At the age of 70, in November, 1968, Captain McVeigh committed suicide.
 
On August 19, 2017 the wreckage of the USS Indianapolis was found on the floor of the Philippine Sea. 
 
 
 
 
 
 
 
 
Rotary Stories
Soy Cow Operation Going Strong

This project is the result of a unique partnership led by Southwest Oshkosh Rotary and supported by the Oshkosh
Rotary Club and the LaMolina Vieja Rotary Club in Lima Peru.  This joint project has become a model of international cooperation and effective project management in Peru and is one of the few soy cow projects that have persisted beyond the initial phase.

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This operation also produces a by-product of undiscovered fiber called "okara" which is utilized as an ingredient in the production of bread by a government supported bakery.  The protein rich bread is distributed th the needy along with the soymilk.  As a result there is no waste product and the full nutritional value of the soybeans reaches those in need.

Management of the project is very "hands-on" under the leadership of Rotarian Bill Thimke who along with other Rotarians visits Peru several times a year to check on the "cows".   Bill was trained by the cows' manufacturer to assemble and repair the machines and thus often brings new parts and services the cows on these visits.

In 2010 La Molina completed construction of a new building to house both the current machine and a new and much larger ASC50 machine which doubled the production capability and increased production capacity to over 4,000 servings a day.   The $21,000 machine was funded by the two Oshkosh Rotary Clubs.  La Molina has also purchased a new delivery vehicle and has taken over the funding of the beans and other supplies.

A cow installed in 2007 in Ate, Peru continues operation under the Oshkosh Rotary Club sponsorship.  Also in 2010 a new soy cow was installed in the northern Peruvian city of Piata and Rimac in cooperation with the local Rotary Clubs.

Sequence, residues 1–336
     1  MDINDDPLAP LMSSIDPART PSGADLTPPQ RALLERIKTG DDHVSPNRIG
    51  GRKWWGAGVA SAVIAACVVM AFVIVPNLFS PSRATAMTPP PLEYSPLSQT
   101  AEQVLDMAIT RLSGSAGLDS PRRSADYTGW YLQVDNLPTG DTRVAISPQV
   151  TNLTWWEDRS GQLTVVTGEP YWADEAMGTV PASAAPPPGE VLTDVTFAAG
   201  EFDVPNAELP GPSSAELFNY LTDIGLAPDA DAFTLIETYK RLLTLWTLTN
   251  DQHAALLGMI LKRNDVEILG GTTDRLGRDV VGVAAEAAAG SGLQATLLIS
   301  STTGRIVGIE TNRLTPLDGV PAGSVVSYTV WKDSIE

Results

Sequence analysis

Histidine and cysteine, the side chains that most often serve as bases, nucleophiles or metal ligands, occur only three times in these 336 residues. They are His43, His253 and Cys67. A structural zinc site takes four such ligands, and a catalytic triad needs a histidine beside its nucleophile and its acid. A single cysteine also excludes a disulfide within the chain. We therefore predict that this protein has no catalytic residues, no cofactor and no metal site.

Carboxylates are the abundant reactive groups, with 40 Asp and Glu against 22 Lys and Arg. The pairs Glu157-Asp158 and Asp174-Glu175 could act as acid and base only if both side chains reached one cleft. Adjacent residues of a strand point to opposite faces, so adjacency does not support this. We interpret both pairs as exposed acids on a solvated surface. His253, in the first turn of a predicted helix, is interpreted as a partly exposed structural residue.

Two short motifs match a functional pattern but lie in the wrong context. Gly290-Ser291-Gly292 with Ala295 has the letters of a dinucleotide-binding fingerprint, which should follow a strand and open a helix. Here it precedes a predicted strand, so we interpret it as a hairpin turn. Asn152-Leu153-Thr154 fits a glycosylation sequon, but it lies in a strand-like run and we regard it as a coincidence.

Members work to make our Oshkosh community a better place

to live. In the past years our club has supported the following local projects and programs:

  • EAA housing program to provide housing for visiting Rotarians and their guests during EAA's AirVenture;
  • Staff the Shared Harvest booth, a local Rotary program to obtain farmers' donations of Farm Market excess produce for the Oshkosh Area Community Pantry;
  • Joined with students from our PALS school, South Park Middle School, in a Spring Cleanup of South Park;    
  • Worked concessions, parking lots and entrances at Waterfest;
  • Worked at the "Red Kettle" campaign at holiday time to raise funds for the Salvation Army
  • Conducted an essay contest for students at South Park Middle School, our PALS (Partners at Learning) school, on the applicability of the Rotary Four-Way Test of ethical behavior, with a top prize of $100;  
  • Souper Bowl- collection of canned soups and cash for the Oshkosh Area Community Food Pantry during Super Bowl time 
  • Supported the Oshkosh Area United Way annual campaign and campaign kickoff event.
  • Contributed funds to the Day by Day warming shelter
  • Tubes for Teeth: a toothpaste drive for the Oshkosh area schools Hygiene Fair.  Collected over 500 tubes of toothpaste
  • Donated funds to pay for new Oshkosh Farmers Market signage
  • One program every month is designated to showcase an Oshkosh business
  • Hosted a Murder Mystery dinner on Valentine's Day as a fund raiser for local community projects

What does it mean to be a Rotary member??    This short video says it well - take a look!